Summer Vacation Boredom Busters
Rainy Day Activities for Kids
There is nothing worse than a rainy day in the middle of the school holidays, when children are cooped up inside, you have nothing planned, and the inevitable cries of "I'm bored" are not far away! Keep this list of these and other rainy day activities ready for just such a day. Older children may enjoy choosing from the list themselves.
Rummage through the toy chest:
It's surprising how much fun this can be! Get everyone together and aim to clear one shelf or drawer. You will probably find that old treasures are rediscovered, odd pieces can be thrown away, and some things will be ready to be passed down or sold. If you are not sure whether to get rid of some of the toys, try packing them away in a box and hiding them in a dark corner of the cupboard for a few months. When they come out again they will either cause a sensation, or not - which will make it easy to decide on their fate!
2. Record the sounds around you:
Make a project out of recording everyday sounds. Try water running in the bath, someone ringing the bell and opening the door, or flushing the toilet! It certainly makes you think about things a little differently than usual. Suggest that some friends or neighbors do the same thing and then get together to see if you can identify each other's sounds!
3. Create an audio story:
Grab that audio recorder, find a story you enjoy, and make your own story! Each child can read for a while, or can take on the part of a particular character. Make the appropriate noises too! You will probably have to practice a few times to get the hang of it, and be prepared for lots and lots of giggles! Tip: a homemade audio makes a great present for a child who has to go to hospital or is bedridden for a time.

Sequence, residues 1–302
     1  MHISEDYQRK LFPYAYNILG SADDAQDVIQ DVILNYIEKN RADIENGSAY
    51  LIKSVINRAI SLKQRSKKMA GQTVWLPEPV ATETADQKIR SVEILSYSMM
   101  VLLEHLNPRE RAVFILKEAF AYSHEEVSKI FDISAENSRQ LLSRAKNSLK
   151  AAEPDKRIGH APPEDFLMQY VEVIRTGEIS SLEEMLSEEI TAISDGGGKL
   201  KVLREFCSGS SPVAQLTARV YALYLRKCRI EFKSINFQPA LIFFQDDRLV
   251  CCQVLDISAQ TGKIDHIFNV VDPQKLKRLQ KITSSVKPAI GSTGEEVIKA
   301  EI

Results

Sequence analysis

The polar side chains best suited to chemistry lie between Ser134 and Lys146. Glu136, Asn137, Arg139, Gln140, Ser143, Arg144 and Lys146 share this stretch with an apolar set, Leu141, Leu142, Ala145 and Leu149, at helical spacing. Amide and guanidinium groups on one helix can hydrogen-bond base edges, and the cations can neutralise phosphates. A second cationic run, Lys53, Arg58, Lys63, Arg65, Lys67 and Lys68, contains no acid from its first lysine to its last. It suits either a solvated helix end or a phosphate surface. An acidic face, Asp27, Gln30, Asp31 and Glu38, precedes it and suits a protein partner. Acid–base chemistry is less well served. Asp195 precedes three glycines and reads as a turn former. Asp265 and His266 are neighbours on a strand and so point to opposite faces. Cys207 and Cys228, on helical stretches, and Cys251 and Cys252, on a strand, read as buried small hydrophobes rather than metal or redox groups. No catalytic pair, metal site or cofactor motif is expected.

Have a jigsaw afternoon:
out all your jigsaws and invite some friends around with theirs too! Clear plenty of space and have a marathon jigsaw session. Some libraries have jigsaws you can borrow too, and you can often find jigsaws for sale very cheaply at thrift stores and garage sales. Tip: if you buy your jigsaws second-hand and the box has seen better days, cut out the picture and store it
in a re-sealable bag with all the pieces.
5. Have a mammoth junk modelling session with friends:
Invite a few families around and ask them to bring their craft-cupboard junk with them -- boxes, containers, and other bits and pieces. You provide glue, sticky-tape, scissors, and encouragement. You could make houses, or creatures, or boats, or modern art or you could all combine together to make one giant model!
Make a card house:
If you don't know any good card games or haven't anyone to play with, try building
a card house! Start by balancing two cards against each other so that they stand up in an inverted V-shape. Take it from there!
Make an indoor obstacle course:
Check with an adult that this is OK first! Use easily movable furniture (kitchen chairs, coffee tables) to mark out a course. Create a tunnel to crawl through with a blanket draped over low tables, or space cushions around the room to use as stepping-stones. You will have lots more ideas!
Balancing is fun! Try walking the length of the room with a book on your head. When you can do that, try balancing two or three then add a cuddly toy to the very top!
9. Create an indoor den:
A few blankets and tablecloths can create the most wonderful indoor den. Drape blankets between sofas and chairs, over stepladders and clothes-dryers, or tie the ends
to cupboard knobs and door handles. Once the den is created find some special snacks, coloring pages and pencils, a flashlight or two, and
camp out for a while!
Play with string:
children can create some wonderful inventions with a ball of string and their imagination! A toilet roll and a sloping length of string make a great message
chute or rocket. Get some action toys involved too: try making them an elevator out of a box or a basket and hoist them up! Adults should supervise constantly
if there are younger kids around.